Boon Boona Coffee celebrates East Africa’s vibrant coffee culture

Coffee is part of modern culture here in the Pacific Northwest. But in East Africa, it has been a fabric of life for centuries.

“The word ‘coffee’ itself comes from the name of a city, the name of a city called Kaffa in Ethiopia. And Kaffa, Ethiopia is the birthplace of Arabica coffee beans,” said Efrem Fesaha, CEO and Founder of Boon Boona Coffee.

With its flagship coffee and roastery located in the heart of downtown Renton and another cafe in Seattle, Boon Boona celebrates the vibrant coffee culture of Eritrea and Ethiopia.

“The words ‘boon’ and ‘boona’ are really the way we say coffee in East Africa,” Fesaha explained. “Saying Boon Boona Coffee sounds great on the tongue, but you’re basically saying coffee in a few different languages ​​and respecting where it’s coming from.”

Fesaha grew up in Seattle. He was working in corporate finance when a trip to Eritrea in 2011 inspired him to pursue his passion for coffee.

“In Ethiopian Eritrean culture, coffee is consumed with your community, socializing. It’s with your family, relatives and friends. So it’s the same kind of experience in our homes that I wanted to bring into a coffee,” Fesaha said. .

All the coffee roasted and served at Boon Boona comes directly from Africa. Fesaha and his team work closely with growers across the continent. He said this allows Boon Boona to share more of its profits directly with growers, while contributing to the growth of the coffee industry as a whole.

“We have great relationships, especially in Burundi, Ethiopia and Rwanda, where we collaborate with all women producers and owners,” Fesaha explained. “We want to continue to do more to highlight and focus the story there in that direction so that they are recognized and more people consume and buy coffee from these great producers and countries.”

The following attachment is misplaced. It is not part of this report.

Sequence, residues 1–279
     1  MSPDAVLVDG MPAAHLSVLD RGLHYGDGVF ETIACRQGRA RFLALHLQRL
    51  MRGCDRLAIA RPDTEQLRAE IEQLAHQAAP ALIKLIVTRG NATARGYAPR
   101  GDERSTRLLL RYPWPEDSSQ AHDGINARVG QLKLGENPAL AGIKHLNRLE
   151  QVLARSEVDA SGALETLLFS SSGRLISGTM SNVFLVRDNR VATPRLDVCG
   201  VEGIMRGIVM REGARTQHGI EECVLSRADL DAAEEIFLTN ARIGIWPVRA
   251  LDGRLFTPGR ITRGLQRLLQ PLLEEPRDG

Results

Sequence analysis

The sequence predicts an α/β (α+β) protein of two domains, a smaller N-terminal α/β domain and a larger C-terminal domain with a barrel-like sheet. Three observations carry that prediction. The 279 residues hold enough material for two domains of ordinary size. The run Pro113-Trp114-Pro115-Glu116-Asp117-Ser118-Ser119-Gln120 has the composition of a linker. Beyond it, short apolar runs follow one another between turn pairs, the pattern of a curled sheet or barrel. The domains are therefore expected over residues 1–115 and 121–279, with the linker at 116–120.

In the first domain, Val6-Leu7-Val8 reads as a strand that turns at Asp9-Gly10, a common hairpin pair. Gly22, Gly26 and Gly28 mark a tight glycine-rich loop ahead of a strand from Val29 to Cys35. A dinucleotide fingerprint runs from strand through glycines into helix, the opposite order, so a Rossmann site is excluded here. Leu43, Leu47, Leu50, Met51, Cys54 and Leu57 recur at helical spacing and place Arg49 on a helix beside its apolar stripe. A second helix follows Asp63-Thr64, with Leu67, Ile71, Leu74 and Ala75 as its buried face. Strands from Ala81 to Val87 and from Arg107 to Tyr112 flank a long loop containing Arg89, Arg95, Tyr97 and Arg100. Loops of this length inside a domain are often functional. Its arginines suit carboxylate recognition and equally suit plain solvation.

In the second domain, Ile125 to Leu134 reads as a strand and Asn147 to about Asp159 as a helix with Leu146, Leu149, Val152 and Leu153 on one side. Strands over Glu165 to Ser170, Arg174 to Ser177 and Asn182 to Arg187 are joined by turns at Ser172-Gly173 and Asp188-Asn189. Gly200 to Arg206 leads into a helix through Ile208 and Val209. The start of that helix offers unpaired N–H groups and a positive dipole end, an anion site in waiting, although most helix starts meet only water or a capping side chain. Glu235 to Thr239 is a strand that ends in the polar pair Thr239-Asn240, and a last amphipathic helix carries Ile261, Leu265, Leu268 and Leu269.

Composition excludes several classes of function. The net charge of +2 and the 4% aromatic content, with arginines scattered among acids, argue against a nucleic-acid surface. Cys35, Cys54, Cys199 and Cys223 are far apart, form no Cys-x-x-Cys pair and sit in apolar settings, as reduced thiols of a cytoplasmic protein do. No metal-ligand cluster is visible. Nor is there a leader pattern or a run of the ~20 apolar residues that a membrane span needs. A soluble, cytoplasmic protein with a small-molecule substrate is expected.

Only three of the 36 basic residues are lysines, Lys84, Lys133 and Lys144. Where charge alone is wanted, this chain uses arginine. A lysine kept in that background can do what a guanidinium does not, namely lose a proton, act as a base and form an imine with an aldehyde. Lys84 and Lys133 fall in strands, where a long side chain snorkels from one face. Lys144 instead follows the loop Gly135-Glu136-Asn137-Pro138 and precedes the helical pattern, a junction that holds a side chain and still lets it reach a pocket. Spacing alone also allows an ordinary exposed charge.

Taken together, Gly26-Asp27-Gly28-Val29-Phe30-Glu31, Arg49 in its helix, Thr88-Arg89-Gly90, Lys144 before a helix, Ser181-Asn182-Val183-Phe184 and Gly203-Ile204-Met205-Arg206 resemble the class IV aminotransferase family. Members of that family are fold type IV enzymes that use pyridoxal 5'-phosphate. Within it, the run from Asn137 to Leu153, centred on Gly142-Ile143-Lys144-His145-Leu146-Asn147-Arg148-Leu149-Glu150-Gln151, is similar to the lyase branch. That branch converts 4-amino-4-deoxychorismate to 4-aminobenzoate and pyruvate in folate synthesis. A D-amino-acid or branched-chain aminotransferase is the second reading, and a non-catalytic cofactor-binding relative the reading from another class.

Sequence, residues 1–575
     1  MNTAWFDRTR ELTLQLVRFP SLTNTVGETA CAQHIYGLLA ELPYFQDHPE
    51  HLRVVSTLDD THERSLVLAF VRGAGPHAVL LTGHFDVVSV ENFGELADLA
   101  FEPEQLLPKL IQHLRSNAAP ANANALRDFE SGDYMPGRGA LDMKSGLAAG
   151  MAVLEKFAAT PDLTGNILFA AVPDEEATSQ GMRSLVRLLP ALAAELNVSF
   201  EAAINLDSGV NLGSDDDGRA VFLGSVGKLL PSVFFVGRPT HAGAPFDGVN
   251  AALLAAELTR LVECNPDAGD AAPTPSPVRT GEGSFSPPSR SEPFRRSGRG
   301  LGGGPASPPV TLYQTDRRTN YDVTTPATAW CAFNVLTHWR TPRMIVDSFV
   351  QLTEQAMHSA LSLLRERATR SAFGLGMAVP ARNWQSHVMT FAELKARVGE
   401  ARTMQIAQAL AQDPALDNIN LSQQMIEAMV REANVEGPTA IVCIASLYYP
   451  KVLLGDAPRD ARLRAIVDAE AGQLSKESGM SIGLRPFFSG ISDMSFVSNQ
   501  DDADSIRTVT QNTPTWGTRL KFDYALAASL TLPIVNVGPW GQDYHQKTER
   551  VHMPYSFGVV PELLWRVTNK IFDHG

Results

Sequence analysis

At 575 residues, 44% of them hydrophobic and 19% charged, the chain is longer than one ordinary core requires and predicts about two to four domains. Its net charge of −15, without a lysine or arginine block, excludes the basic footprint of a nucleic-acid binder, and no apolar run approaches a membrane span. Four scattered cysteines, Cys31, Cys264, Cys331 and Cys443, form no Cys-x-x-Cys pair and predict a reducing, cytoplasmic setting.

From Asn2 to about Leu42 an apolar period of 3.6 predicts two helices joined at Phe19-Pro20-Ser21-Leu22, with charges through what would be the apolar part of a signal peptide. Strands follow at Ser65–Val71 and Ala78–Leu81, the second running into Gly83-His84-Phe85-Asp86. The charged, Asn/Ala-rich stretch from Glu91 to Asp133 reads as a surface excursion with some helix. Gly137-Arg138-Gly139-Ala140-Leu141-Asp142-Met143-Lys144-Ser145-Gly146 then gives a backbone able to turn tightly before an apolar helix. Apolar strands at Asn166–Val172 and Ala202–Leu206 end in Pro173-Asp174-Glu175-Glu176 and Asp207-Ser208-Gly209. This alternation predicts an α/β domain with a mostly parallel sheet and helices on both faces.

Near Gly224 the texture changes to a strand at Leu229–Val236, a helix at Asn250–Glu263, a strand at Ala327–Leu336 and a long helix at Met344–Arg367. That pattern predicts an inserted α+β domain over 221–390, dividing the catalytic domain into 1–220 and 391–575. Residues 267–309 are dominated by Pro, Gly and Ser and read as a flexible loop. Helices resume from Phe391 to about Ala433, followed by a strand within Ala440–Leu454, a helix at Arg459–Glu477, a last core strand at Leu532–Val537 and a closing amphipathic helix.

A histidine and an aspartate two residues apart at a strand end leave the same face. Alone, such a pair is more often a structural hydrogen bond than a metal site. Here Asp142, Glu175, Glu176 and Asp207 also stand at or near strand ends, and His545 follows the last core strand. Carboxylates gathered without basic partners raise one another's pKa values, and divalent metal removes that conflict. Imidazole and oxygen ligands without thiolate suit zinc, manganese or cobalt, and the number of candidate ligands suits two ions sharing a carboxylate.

At Renton Roastery and Coffee, Fesaha channels the spirit of coffeehouses in Eritrea and Ethiopia into a community gathering place. There is space for local small business events and pop-ups, as well as a space dedicated to the traditional East African coffee ceremony, the way many people drink their daily coffee in the region.

“In the Diaspora, we continue to roast, grind and brew our own coffee at home. If I were to bring a bag of our roasted coffee from Boon Boona to my mother, she would look at me and say, ‘What is this? what is it??’ She wants the green. She wants the raw product. She wants to roast it. She wants to grind it. She wants to brew it herself in our traditional Jebena brewing pot. That’s over a period of one to three hours. It provides a slightly longer process and a deeper, richer experience,” Fesaha said.

Of course, at Boon Boona most people just stop for a moment or two for a quick coffee. As they sip that tasty cup, Fesaha hopes her customers will take a closer look at the coffee itself.

“A deeper understanding of the journey of this cafe is something that we want people to be able to get out of it. And then, you know, enjoy it. I mean there’s nothing better to do with the coffee than enjoying it.”

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